University Affairs

USU Celebrates Women's History Month 2023

By Marcus Jensen |

LOGAN, Utah — Throughout the month of March, Utah State University will observe Women’s History Month and Gender Equality Month with special events that celebrate women’s voices and honor their achievements.

The theme for Women’s History Month 2023 is “Celebrating Women Who Tell Our Stories.” USU invites all to join in honoring the contributions of women both now and throughout history and to tell the unique and powerful stories of the incredible women at USU.

“Women's History Month is a celebration and time of intentional recognition of all women's achievements and historical significance,” said Sarah Timmerman, program coordinator at USU’s Inclusion Center. “Since many of the achievements women are responsible for are underrepresented and undervalued in our history books and literature, it is imperative to call attention to what women have done and can still do to change our world. This is a moment to uplift the voices, lives and experiences of every person who gender-identifies as a woman.”

Utah State University has a rich women's history and has many campus centers and programs designed to advocate and support women, providing opportunities for learning and inclusion.

At USU’s Inclusion Center, students can find many programs, events and clubs that embrace, support, and advocate for every member of the Aggie family. These include the Women and Gender program, which advocates for gender equity on campus and in the community. There is also the Gender and Sexuality (LGBT+ & Allies) program, which provides education and awareness, facilitates community engagement, and fosters empowerment of and support to LGBTQIA+ students, faculty and staff.

USU’s Center for Intersectional Gender Studies and Research builds on the long and successful history of women and gender programs at USU. The center provides pathways that bring women and members of other historically marginalized groups into full and equal participation in the humanities and sciences. The center aims to support intersectional and interdisciplinary research, provide instruction to students, and foster a climate that promotes equality and inclusion for all students, faculty and staff across USU’s campuses.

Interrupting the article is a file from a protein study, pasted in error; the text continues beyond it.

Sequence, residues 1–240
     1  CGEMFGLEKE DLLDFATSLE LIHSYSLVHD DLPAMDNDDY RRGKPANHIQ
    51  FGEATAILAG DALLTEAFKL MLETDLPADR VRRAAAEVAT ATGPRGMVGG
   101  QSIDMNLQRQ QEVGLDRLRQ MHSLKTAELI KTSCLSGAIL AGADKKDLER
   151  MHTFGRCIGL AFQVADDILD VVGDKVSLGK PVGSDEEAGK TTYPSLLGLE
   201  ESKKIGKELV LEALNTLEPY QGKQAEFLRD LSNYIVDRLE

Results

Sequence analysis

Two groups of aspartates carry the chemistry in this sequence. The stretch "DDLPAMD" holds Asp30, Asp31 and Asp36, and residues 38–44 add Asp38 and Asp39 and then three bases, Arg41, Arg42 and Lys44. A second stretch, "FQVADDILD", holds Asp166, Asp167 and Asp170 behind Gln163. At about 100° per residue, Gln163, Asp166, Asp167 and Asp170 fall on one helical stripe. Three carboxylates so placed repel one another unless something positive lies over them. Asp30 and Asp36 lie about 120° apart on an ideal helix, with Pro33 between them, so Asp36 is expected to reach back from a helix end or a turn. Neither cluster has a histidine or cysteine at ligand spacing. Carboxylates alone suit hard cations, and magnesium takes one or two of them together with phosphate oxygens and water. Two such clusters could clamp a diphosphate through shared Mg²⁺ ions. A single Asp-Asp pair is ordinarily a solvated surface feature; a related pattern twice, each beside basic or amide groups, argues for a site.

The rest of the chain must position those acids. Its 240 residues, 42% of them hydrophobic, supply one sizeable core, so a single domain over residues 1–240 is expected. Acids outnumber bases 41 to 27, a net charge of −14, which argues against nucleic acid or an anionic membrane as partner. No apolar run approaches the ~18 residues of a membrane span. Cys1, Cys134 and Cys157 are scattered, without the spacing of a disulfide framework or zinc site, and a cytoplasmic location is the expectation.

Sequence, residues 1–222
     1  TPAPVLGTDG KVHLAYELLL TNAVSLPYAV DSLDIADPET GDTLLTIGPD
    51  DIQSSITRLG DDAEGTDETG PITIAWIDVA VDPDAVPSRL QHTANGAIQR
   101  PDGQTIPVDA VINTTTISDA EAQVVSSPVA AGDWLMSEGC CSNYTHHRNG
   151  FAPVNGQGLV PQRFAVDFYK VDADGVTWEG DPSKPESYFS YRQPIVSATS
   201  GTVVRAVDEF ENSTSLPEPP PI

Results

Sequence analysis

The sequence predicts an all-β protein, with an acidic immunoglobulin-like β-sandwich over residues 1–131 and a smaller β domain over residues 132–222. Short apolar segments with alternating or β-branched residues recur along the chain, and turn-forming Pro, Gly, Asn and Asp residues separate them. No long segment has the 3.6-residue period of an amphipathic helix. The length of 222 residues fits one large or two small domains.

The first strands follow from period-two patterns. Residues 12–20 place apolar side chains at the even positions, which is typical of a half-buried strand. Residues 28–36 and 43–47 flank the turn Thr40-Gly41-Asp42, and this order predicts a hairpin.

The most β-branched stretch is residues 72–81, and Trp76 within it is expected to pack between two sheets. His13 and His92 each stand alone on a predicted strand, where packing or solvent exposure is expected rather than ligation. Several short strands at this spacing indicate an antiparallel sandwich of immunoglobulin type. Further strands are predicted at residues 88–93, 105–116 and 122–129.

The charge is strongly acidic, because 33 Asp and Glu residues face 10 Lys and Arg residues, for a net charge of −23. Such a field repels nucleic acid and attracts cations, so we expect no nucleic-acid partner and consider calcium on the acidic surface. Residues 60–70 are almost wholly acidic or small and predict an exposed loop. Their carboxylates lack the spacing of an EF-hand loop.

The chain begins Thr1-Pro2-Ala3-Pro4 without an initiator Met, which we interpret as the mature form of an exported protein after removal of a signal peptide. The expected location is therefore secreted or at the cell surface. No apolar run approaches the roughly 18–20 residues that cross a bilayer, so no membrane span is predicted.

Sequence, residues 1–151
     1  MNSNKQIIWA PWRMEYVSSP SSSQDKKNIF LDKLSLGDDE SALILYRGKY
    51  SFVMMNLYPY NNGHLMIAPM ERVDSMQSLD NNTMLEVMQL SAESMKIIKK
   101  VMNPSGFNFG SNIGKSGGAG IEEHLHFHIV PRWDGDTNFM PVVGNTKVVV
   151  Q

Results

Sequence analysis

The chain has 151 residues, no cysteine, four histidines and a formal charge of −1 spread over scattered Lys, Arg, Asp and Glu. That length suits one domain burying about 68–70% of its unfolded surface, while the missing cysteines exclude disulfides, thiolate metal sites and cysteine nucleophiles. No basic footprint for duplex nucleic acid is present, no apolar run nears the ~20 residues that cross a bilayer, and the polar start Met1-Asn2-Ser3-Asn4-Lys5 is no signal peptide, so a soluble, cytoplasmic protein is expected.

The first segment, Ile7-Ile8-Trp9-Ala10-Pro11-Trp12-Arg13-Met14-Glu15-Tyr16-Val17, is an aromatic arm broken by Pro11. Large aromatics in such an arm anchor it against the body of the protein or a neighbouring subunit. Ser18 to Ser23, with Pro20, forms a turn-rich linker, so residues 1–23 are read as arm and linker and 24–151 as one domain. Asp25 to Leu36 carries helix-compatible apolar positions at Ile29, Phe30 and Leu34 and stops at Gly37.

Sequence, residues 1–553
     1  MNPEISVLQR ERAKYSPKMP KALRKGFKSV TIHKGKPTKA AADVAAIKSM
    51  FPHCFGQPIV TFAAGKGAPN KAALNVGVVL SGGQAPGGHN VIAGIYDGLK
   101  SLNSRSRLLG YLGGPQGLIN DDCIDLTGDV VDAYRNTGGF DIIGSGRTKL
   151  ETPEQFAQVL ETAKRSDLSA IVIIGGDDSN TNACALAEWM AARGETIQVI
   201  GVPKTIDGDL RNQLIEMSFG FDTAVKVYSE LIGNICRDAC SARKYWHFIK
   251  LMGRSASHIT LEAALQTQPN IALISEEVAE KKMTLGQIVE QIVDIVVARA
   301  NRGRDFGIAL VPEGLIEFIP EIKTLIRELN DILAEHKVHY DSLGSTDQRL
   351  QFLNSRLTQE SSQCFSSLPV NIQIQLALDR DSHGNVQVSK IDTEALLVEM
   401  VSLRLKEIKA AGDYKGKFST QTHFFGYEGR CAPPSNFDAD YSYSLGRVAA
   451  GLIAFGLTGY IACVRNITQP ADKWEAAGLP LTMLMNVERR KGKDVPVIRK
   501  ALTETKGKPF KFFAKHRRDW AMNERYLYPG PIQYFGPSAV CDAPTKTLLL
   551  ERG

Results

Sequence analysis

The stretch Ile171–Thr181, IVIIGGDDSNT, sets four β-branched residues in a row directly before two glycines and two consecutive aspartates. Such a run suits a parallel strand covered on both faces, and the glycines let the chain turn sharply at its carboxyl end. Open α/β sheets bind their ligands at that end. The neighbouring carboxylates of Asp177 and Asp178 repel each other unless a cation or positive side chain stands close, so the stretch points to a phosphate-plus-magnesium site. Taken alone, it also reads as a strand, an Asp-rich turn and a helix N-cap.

USU also has several student clubs that promote gender equity and inclusion, including the Women's Gender Issues Society, as well as the Triota Honor Society and the Queer Student Association. Students, faculty and staff can also receive Allies on Campus training on how to be an ally for LGBTQIA+ people.

Throughout Women’s History and Gender Equality Month, USU will host events across campus, many of which will highlight the stories of Women’s History, both locally and nationally. For a list of events and for details, visit https://www.usu.edu/dei/women-gender-month.

“Join us this month as we honor the contributions of women both now and throughout history and tell the unique and powerful stories of the incredible women here at USU,” Timmerman said. “Recognizing the achievements of women can have a huge impact on the development and confidence of girls and young women.

As a part of the larger conversation, USU will look to especially highlight historical women of color and transgender women. In the last 30 years, there has been a concerted effort to recognize that women’s history is intersectional and that Women’s History Month should include and recognize the achievements and struggles of all women, including women of color and transgender women.

“Many of the achievements women are responsible for are underrepresented and undervalued in our history books and literature, and this is especially apparent when we look at the disadvantages and erasure face by women of color, undocumented women, women with disabilities, women with children, queer and transwomen, and women who live at the intersections of multiple identities,” Timmerman said. “As we celebrate this month, an intersectional lens is essential for meaningfully recognizing and honoring all women and their contributions throughout history. As feminist icon and self-described ‘black, lesbian, mother, warrior, poet,’ Audre Lorde said: ‘I am not free while any woman is unfree, even when her shackles are very different from my own.’”

Women’s History Month traces its roots to the United Nations, which celebrated its first official International Women’s Day on March 8, 1975, coinciding with its designation of 1975 as International Women’s Year in an effort to highlight the persistent problem of discrimination against women throughout the world.

Because of the successful campaigning of several women’s organizations, including what is now the National Women’s History Alliance, President Jimmy Carter declared an official presidential proclamation declaring the week of March 8, 1980, as National Women’s History Week. In 1987, President Ronald Reagan expanded the celebration, designating the entire month of March as Women’s History Month.

WRITER

Marcus Jensen
News Coordinator
University Marketing and Communications
marcus.jensen@usu.edu

CONTACT

Sarah Timmerman
Program Coordinator
Inclusion Center
435-797-3703
sarah.timmerman@usu.edu


TOPICS

Society 519stories Inclusive Excellence 259stories Women 215stories History 141stories Humanities 122stories

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